Plans by the Swedish police to hand out anti-groping armbands as part of its campaign to curb sexual harrassment among young people ahead of the festival season in the country has caused a stir. The arm-bands are aimed at creating awareness among the young that grouping is a crime.
National police Chief Dan Eliasson told the news agency TT: "We're hoping mainly that this will get boys to think twice. A lot of them don't seem to think that this is a crime."
He urged victims to get in touch with the police. Eliasson also had some advice for the young boys who grope girls. "Who wants to be remembered as the groping guy? Think twice guys, for God's sake."
The armbands will be handed out at major youth events this summer. They will have the words POLICEAVSPARRAT #tafsainte or Police cordon, don't grope.
The issue of groping took centre stage in Sweden after it emerged that groups of boys had groped girls at the We Are Sthlm youth festival in 2014 and 2015. A total of 36 reports of sexual assault and two rape allegations were filed after the festivals in the two years.
Swedish police came under heavy criticism for not releasing details of the sexual assaults amid accusations of burying the reports to avoid stoking anti-immigrant sentiment. Local newspaper Dagens Nyheter broke the story in January, claiming that many of the alleged perpetrators were young Afghan refugees.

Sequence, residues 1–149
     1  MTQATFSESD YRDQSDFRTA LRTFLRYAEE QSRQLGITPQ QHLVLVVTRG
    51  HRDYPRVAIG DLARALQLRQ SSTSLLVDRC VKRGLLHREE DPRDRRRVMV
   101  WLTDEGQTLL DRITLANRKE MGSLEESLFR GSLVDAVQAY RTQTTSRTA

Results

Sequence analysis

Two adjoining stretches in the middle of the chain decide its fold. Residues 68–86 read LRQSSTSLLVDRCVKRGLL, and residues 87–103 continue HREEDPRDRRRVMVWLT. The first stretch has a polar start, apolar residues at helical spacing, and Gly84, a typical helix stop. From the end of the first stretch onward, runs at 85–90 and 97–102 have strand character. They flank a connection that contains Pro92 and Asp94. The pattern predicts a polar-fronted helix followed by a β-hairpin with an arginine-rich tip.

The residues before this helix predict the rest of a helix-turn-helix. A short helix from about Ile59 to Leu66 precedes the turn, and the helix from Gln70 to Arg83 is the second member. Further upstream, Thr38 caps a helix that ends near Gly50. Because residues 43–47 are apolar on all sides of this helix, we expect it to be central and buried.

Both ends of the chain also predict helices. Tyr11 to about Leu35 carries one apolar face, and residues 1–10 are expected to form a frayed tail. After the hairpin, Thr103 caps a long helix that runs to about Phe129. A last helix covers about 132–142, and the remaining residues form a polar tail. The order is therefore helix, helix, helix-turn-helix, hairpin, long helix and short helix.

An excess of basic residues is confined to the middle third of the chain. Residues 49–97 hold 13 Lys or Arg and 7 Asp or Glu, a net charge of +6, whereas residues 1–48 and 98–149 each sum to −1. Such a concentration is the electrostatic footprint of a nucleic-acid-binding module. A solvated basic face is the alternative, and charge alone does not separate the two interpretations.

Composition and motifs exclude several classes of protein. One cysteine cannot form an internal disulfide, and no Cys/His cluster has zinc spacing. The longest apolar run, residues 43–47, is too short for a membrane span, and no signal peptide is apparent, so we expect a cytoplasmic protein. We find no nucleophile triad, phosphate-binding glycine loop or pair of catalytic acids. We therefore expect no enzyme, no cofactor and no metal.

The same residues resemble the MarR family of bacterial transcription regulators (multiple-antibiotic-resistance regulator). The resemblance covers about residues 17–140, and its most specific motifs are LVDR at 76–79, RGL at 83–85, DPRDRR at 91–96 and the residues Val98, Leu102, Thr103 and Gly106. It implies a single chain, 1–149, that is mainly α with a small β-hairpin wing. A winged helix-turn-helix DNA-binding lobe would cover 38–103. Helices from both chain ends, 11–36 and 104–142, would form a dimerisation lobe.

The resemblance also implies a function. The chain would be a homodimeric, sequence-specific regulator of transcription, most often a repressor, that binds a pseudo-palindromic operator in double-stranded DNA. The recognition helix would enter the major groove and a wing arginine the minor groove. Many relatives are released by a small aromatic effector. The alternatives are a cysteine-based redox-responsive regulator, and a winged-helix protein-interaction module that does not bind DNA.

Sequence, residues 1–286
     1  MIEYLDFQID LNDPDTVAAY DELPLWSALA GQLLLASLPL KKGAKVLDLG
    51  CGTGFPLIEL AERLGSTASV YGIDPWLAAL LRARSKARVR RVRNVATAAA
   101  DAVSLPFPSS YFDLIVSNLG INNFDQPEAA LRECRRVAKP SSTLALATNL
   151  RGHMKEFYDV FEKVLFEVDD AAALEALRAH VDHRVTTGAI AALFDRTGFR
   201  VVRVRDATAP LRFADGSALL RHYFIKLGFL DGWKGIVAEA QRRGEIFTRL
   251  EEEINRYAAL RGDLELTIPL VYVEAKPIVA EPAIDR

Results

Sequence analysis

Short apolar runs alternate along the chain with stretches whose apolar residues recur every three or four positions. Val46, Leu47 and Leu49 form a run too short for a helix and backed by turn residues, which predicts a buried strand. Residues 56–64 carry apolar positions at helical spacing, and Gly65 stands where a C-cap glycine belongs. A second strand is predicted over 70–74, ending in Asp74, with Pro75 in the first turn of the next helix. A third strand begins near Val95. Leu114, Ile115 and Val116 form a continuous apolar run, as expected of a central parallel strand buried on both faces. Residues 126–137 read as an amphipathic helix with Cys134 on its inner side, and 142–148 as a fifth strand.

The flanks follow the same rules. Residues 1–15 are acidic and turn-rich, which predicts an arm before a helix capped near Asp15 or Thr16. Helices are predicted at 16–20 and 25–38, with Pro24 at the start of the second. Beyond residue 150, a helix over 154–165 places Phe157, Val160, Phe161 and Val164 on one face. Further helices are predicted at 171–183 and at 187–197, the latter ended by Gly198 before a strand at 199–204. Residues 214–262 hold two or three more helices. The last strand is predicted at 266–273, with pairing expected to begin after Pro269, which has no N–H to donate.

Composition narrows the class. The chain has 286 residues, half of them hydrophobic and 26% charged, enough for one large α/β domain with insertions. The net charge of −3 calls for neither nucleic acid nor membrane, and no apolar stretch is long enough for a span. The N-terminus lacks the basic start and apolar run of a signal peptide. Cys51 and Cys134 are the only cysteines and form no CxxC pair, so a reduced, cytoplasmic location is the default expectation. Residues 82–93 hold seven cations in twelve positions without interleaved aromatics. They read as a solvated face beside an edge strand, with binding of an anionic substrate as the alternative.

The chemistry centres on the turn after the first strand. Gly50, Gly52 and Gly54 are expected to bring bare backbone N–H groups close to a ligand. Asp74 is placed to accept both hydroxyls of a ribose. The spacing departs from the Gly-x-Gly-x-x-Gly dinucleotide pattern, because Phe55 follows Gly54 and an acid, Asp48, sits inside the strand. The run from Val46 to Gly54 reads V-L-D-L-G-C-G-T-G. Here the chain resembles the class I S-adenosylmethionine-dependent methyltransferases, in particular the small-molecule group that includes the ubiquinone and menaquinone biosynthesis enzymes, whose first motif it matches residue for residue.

Police have launched a new #tafsainte (Don't grope} campaign that it hopes will educate youngsters on sexual harassment.
How will armband ward off gropers?
The handing out of the arm bands however has not gone done well among some. Seventeen-year-old Ayesha told The Local that she didn't think the campaign would stop the problem but welcomed the fact that the police were taking the issue seriously.
"I think it's a big problem, not only at festivals but in the streets as well. Guys just think it's easier to do it at festivals because there are a lot of people and we won't notice," she said.
Aubrey Danielle wrote on Facebook that these assaults were carried out by groups of young men working together and that it was" twisted male bonding activity within their social circle". She wished the police would encourage the public to intervene instead of wasting time trying to remind people not to sexually assault women and girls "as if they don't know what they are doing is wrong or illegal."
She added giving sentences "that aren't a joke to convicted offenders" would seem more useful than appealing to the morals of obviously terrible people."
Another person was even more scathing in her comments. Ariel Kramer said: "I can't wait for the anti-forced marriage ankle bracelets and please shake hands with women key chains."
Several social media users questioned the purpose of the arm bands. One asked whether it would leave an identifiable mark on the guy's face when the victim hits him while another wondered whether it had the powers of Wonder Woman's bracelets?